Conceiving of these space cities (or town, hamlets and so on) and embarking on space-urban-planning is a useful thought-experiment. It not only draws out a definition of what a city is—a question that has a long, contentious, and unresolved history— but also tasks us with creating a list of what we would need to bring along with us in order to sustain life off planet. For example, an astronaut tripping across the lunar surface did not need to bring gravity with them. However, strapped to their back and pumped into the lungs is a tank containing a rough approximation of the Earth’s atmosphere. That astronaut will also have access to other physiological and psychological necessities to endure the trip. What, on a grander scale, will an entire colonizing community need to pack with them to replicate, even minimally, the accoutrements of civilization?
All colonized planets, and asteroids, and even space stations, will be urban in character.
There will be no hunter-gatherer phase on Mars, nor will humans need to reinvent agriculture there; we will load upon our space vessels our literacy, social hierarchies, capitalism, and all of the urban delights, excesses and disasters and take them along for the ride.
When or if cities are established on other planets the sequence of urban development will thus extend from Ancient/Classical cities (to around 1250), Mercantile/Colonial cities (to 175), Industrial/Imperial (to 1970), Post Industrial/Post-Colonial (to present), to Non-terrestrial/space cities. Since most of us live in post-industrial cities, we do not have direct access to other forms of urban development. Of course, there are remnants of previous stages accessible as either living fossils distributed across the landscapes of contemporary cities, or as ruins that we can visit or read about, but the more remote historical stages are obscure.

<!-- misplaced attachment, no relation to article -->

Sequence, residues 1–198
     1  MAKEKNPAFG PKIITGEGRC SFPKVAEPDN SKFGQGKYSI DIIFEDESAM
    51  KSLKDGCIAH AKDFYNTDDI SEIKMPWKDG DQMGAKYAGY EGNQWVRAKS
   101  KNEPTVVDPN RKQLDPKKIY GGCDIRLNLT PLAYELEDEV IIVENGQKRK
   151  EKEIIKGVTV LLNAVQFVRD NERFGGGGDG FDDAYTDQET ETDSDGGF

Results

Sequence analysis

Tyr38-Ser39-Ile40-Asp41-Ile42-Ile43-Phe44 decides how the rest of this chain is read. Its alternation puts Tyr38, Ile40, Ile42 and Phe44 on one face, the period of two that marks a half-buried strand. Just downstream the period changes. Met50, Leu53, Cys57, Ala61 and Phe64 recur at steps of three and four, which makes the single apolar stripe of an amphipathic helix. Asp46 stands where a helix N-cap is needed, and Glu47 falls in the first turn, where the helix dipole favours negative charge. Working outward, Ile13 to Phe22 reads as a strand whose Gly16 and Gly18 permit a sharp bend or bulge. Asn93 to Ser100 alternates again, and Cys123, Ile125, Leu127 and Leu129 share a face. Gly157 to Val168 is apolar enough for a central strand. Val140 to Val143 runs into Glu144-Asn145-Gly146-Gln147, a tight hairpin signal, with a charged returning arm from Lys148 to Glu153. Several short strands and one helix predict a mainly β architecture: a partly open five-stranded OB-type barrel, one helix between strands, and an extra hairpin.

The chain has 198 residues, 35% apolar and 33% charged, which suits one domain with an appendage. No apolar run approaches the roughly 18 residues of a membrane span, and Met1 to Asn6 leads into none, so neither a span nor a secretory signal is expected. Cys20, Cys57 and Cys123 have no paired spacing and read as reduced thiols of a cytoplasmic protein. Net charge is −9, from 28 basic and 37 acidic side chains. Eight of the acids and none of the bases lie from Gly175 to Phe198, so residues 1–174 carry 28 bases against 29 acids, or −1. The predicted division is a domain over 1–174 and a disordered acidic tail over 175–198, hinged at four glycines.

Image from Wikipedia https://en.wikipedia.org/wiki/Space_colonization
Saturday, July 21, 2018
Once upon a time, in a beautiful but endangered forest far far away a prince and princess met, fell in love and married. They were blessed with a hundred children. “I wonder,” said the princess, somewhat exhausted from her exertions, “how best to raise our dear ones to care for each other and their beautiful forest home?” “I have heard,” replied her husband “that reading to children matters.”
Being of a scientific inclination, the royal couple assigned twenty children to each of five experimental groups. They prevented these children for mingling—for keeping the groups apart was deemed good experimental practice—and assessed if reading matters asking following questions. Should one read aloud to children, or narrate stories of a parent’s own devising, or read and discuss plot points at length as one proceeds through storytime, or should one perhaps, as early as possible, cultivate the youth to read on their own and abandon them to their own devices? One group of children—“our little controls” as the happy couple called them—were raised without the benefit of any stories at all.
The results of this longitudinal study were alas inconclusive. The prince haughtily accused his wife of surreptitiously reading to the control group; the princess icily retorted that her husband’s monotonic voice had lulled everyone asleep thus undermining the study. “I’d sooner stab myself in the ears than listen to another word from you.” Their scientific paper was rejected for publication; the couple lost their funding. They all lived happily ever after.